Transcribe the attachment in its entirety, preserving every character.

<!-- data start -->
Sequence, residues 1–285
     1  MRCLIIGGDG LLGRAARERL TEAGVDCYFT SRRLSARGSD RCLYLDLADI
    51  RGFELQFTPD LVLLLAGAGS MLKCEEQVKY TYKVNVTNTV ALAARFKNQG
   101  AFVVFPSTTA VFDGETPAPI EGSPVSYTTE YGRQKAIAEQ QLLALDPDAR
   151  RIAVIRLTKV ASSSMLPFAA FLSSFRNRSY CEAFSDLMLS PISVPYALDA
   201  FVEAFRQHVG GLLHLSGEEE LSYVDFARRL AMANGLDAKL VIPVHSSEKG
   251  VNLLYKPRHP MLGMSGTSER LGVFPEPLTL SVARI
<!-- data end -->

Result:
Sequence, residues 1–285
     1  MRCLIIGGDG LLGRAARERL TEAGVDCYFT SRRLSARGSD RCLYLDLADI
    51  RGFELQFTPD LVLLLAGAGS MLKCEEQVKY TYKVNVTNTV ALAARFKNQG
   101  AFVVFPSTTA VFDGETPAPI EGSPVSYTTE YGRQKAIAEQ QLLALDPDAR
   151  RIAVIRLTKV ASSSMLPFAA FLSSFRNRSY CEAFSDLMLS PISVPYALDA
   201  FVEAFRQHVG GLLHLSGEEE LSYVDFARRL AMANGLDAKL VIPVHSSEKG
   251  VNLLYKPRHP MLGMSGTSER LGVFPEPLTL SVARI